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TJ, Esq.
TJ, Esq., Attorney
Category: Bankruptcy Law
Satisfied Customers: 9586
Experience:  Licensed to Practice Law
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what happens to the loans with GMAC, now that they filed bankruptcy?

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what happens to the loans with GMAC, now that they filed bankruptcy? do you know what they did with loans that foreclosed just prior to them filing for bankruptcy and before they were able to sell the home or assign it? Do they just write it off? or what did they do? or what were/are their options? could they transfer the loan since they filed bankruptcy? how could I find out if my loan was in their bankruptcy? I didn't see it in their lengthy list of names but they said because it was i think over 1,000 pages, they said they did not include everything in the online version of their bankruptcy
Submitted: 1 year ago.
Category: Bankruptcy Law
Expert:  TJ, Esq. replied 1 year ago.
Hello and thank you for allowing me the opportunity to assist you.

Q: what happens to the loans with GMAC, now that they filed bankruptcy?
A: The performing loans are considered assets, and they would likely be kept by GMAC while it attempts to restructure itself. Or, if liquidation is necessary, then the loans could be sold to other lenders.

Q: do you know what they did with loans that foreclosed just prior to them filing for bankruptcy and before they were able to sell the home or assign it?
A: More than likely, GMAC did nothing with those loans. The foreclosures would still be valid and it would be business as usual so far as the homeowners are concerned.

Q: Do they just write it off? or what did they do? or what were/are their options? could they transfer the loan since they filed bankruptcy?
A: As stated above, the loans are assets. They would not be written off merely because GMAC filed for bankruptcy. They could be kept or sold ... but unfortunately there is no realistic scenario where the homeowner will no longer be responsible for paying his/her mortgage.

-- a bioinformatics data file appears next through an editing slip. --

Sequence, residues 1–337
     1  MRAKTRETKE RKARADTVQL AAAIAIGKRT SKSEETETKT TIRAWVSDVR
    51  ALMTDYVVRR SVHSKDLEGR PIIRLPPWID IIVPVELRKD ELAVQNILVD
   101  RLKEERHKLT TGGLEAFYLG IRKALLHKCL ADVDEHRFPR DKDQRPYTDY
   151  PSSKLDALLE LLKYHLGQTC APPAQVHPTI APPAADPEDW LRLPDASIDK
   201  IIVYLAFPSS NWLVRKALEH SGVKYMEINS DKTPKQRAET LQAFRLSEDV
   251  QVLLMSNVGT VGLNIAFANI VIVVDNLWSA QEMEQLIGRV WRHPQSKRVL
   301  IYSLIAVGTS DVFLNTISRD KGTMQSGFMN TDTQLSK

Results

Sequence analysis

Q: how could I find out if my loan was in their bankruptcy?
A: I'm not sure what you mean here, though as I mentioned above, the loans would be assets, and assets would be listed as such in the bankruptcy filing. However, since GMAC likely has more mortgages than can be listed, they probably list the portfolio as a whole in its bankruptcy filing. As such, your individual mortgage would not likely be listed in the bankruptcy schedules.

Does that answer your question? Let me know if you need clarification, and please remember to rate me positively so that I receive credit for my efforts.

Thank you and good luck!
Customer: replied 1 year ago.
Im not referring to the home buyer being responsible, I'm just trying to figure out what they mean when they say, "your loan doesn't exist anymore." how is that possible for a loan to simply not exist anymore besides it being paid off by the homebuyer. For example a defaulted loan, what avenues can be taken for a loan to simply "not exist anymore?"
Expert:  TJ, Esq. replied 1 year ago.